Songwriter: Traditional, arranged by Lead Belly
Original Release: Unplugged in New York
Definitive Version: None
OK, so those were a couple of perhaps unnecessarily epic posts; I’ll try to be a bit more brief.
A few years ago, friends of Laurie’s turned us on to a Chicago band that has perhaps the least likely name in the history of bluegrass—Sexfist. That should be a hard-core metal band name, right? Anyway, I’m no fan of bluegrass music, per se, but I love watching these guys play.
Sexfist for the uninitiated—and I would suspect that that would be almost anyone reading this—is five guys. One guy plays a fiddle, one banjo, one guitar, one mandolin and one bass: five guys all in suits and ties, one mic.
The first time I saw them was at the Heartland, a famous hippy restaurant in Rogers Park. The Heartland has a little stage, and it was difficult to imagine all five of them even fitting on it. Not only did they fit, but they worked the stage like I’d never seen before.
At the appropriate time, someone would give another a tap with a foot on the leg to let them know to move back, because they were coming up. It got to the point where it was more fun to watch the choreography of how each moved to the mic at the appropriate time and then out of the way, churning, roiling and never missing a note.
Sexfist has a regular residency at the Abbey Pub on Tuesdays, so you should check them out if you can. Chances are they’ll play a killer version of this song—made famous by Kurt’s funereal howl into the black abyss at the end.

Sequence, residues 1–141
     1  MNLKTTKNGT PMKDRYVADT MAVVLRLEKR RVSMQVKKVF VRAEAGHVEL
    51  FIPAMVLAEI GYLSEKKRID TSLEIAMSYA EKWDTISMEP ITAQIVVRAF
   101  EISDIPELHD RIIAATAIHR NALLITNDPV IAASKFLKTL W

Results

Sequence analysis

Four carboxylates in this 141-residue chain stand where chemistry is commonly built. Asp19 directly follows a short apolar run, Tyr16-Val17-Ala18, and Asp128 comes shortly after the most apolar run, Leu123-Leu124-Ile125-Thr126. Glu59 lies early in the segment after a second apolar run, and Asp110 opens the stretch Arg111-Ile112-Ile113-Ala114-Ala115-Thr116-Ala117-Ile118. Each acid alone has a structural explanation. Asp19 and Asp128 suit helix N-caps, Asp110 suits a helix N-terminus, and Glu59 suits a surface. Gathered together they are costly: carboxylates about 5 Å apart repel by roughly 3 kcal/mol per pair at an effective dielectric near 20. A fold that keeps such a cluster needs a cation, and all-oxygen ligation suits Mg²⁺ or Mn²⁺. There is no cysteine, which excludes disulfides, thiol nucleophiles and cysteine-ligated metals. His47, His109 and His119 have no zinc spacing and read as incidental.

Sexfist used to play regularly at the Redline Tap, which is a hole in the wall just around the corner from the Heartland, and the funny thing is the most memorable night I spent there didn’t involve Sexfist at all but a cover band doing a jaunty reggae version of Powderfinger by Neil Young.
What made it particularly memorable was that Laurie and I went (this was probably in 2005 or 2006) to play this shuffle bowling game they used to have there—long since gone—but we ended up watching TV. Laurie didn’t have cable (we still don’t), and because it was Halloween, AMC (I think) had a scary-movie marathon going, and we got to the bar right when The Shining started. We ended up staying and watching the entire movie just laughing our butts off at the awesome dialogue and Jack Nicholson’s totally over-the-top, gloriously hilarious freakout.
We still talk about that night. Sometimes the best times are borne of the most random of things.